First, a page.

Understanding Thoughts Through Language
Christina Kompanijec English 200 Argumentative essay: draft four If asked which cognitive ability you would miss the most if it were taken away, the majority of people would respond with the obvious choices of sight or hearing, but how many people would think about our sense of language? Language affects our lives in ways that we do not often realize. In the essay “How Language Shapes Thought” Lera Boroditsky argues that many of our cognitive abilities are enhanced, or hindered depending on the fundamental structure of our system of language.
I found that Boroditsky used much of her own research in order to support her claims that direction, time and gender are concepts largely affected by the structural system of our language. Overall I found Boroditsky’s arguments to be sound and thorough. I agree with her claims that language shapes thought. When visiting a small town in northern Australia, Boroditsky came to realize that the residents had an impeccable sense of direction; contrasting to that of the American scholars she repeated the experiment with back in the United States (Boroditsky 63).
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Boroditsky reached the conclusion that direction is one of many cognitive aspects that are largely shaped by language. I found Boroditsky’s theories hard to refute as she backed them up with many hard facts. Boroditsky furthers her credibility through the acknowledgement of previous flaws within the theory, as seen in the Sapir-Whorf hypothesis which lacked any major empirical evidence. Boroditsky is able to show the importance of a language’s structure and the how it impacts the meanings and thoughts behind the words that are used. Suppose I want to tell you that I saw Uncle Vanya on 42nd Street. In Mian, a language spoken in Papua New Guinea, the verb I used would reveal whether the event happened just now, yesterday or in the distant past, whereas in Indonesian, the verb wouldn’t even give away whether it had already happened or was still coming up. And in Piraha, a language spoken in the Amazon, I couldn’t say “42nd,” because there are no words for exact numbers, just words for “few” and “many”(Boroditsky 64) The amount of information conveyed by a speaker is greatly varied depending on the system of the language in se. Taking this thought process further, in the case of Piraha, without having a way to verbalize the idea of a certain number besides generalizing , would it be that far of a stretch to argue that the people of the Piraha language have no concept of specific numbers, at least on a larger scale? Without having a way to verbalize the numbers it would grow increasingly difficult to visualize an amount of something. If given two separate groups of apples, one containing thirty apples, the other thirty-one, the people of the Piraha language would have no way of telling the two groups apart.
This would have large impacts on their culture, specifically any aspect of life dealing in trade of any other type of economics. Boroditsky believes that changes within language can also alter a person’s perception of the world. This was one piece of Boroditsky’s essay that I partially disagreed with; I believe that once a person has a solid understanding of one language in particular their thoughts tend to process in the structure of that language. In the case of English and French or Spanish, the structure of a sentence may differ, for example in English the adjective precedes the noun while in French the adjective follows the noun.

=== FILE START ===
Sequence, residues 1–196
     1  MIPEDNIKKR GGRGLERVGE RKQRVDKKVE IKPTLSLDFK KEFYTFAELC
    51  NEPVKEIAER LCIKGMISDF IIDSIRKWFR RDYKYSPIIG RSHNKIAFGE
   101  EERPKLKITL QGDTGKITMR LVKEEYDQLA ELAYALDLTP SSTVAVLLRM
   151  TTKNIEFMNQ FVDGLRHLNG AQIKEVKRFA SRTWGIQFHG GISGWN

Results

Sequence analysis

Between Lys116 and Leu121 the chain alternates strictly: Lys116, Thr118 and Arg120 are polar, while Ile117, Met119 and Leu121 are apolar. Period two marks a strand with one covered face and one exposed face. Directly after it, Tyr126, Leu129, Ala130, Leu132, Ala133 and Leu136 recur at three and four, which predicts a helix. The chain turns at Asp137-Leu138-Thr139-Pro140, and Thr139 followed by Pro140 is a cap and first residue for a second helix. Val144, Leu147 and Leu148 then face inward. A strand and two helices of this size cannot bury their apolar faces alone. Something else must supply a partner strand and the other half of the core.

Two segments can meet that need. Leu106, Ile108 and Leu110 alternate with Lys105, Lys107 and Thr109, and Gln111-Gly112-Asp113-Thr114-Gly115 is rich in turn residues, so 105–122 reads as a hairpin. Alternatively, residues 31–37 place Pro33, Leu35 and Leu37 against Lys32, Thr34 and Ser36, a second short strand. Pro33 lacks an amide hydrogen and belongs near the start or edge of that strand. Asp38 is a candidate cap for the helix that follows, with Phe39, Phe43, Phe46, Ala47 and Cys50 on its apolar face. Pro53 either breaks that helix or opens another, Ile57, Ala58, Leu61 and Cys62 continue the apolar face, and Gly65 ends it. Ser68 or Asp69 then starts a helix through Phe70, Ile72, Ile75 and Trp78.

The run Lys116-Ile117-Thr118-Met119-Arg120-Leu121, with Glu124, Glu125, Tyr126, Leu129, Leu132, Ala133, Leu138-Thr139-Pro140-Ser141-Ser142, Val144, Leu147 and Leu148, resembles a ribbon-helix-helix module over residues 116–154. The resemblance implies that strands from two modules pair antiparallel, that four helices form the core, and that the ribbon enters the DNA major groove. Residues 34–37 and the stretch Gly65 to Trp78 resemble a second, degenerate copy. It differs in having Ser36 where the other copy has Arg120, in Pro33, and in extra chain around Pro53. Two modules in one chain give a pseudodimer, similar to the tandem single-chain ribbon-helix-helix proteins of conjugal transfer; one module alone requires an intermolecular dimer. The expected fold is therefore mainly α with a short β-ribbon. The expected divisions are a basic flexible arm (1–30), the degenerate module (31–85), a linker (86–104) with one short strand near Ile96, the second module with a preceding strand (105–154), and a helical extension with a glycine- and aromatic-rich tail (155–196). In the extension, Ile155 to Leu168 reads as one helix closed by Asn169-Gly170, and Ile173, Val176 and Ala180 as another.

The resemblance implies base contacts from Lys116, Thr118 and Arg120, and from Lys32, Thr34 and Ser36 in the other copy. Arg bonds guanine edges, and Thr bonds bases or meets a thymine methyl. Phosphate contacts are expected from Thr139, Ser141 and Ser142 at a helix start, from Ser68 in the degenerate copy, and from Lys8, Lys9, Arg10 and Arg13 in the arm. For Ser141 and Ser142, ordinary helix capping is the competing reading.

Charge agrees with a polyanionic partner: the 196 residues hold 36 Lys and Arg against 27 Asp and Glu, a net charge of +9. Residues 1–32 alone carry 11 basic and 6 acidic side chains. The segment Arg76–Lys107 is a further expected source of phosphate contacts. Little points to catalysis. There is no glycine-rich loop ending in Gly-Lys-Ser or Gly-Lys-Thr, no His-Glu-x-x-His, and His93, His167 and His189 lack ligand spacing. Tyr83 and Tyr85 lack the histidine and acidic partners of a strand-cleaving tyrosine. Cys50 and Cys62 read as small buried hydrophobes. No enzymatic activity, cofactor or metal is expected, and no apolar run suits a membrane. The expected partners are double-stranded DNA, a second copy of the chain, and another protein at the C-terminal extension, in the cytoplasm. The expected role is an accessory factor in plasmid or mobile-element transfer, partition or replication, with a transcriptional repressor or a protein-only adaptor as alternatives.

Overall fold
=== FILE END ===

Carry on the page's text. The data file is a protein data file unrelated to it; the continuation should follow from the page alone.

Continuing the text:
This is a difference between languages that does not affect the meaning that is being conveyed. Le chien rouge, still translates to “the brown dog”. I feel as if Boroditsky should place a larger emphasis on the fact that her research shows that language effected people who were taught new shades of color which their native language had no equivalent to. Time is another aspect of our lives that is largely dictated by language, different cultures have different ways of understanding time.
In a language system that does not use tenses to modify verbs to indicate time, or the chronological order of events, more information would be necessary in order to convey the concept of something as simple as “I went to the store before work. ” Boroditsky also explored this idea by experimenting with the cognitive thought process behind the organization of time within different cultures. “English speakers given this task will arrange the cards so that time proceeds from left to right. Hebrew speakers will tend to lay out the cards from right to left.
This shows that writing direction in a language influences how we organize time” (Boroditsky 64). Similar to time, gender is another concept that is altered by language. Many languages use articles or some other classification to call an object either masculine or feminine. This changes the way that items are viewed or described within a culture, even though a table or pencil is the same regardless of the labels placed on it by humans, our perception of the object is changed by our own words for the object in question.
Many base concepts that we use in our everyday lives to categorize other people and objects are impacted by this idea that Boroditsky is supporting. Boroditsky’s argument for the theory that language alters our perception of the world was well made; she gave clear evidence that supported different parts of her claims. I agree that language has the ability to shape thought and actively alters the understanding that we have over other concepts and objects. Work Cited Boroditsky, Lera. “How Language Shapes Thought. ” Psych. stanford. edu. N. p. , 2011. Web.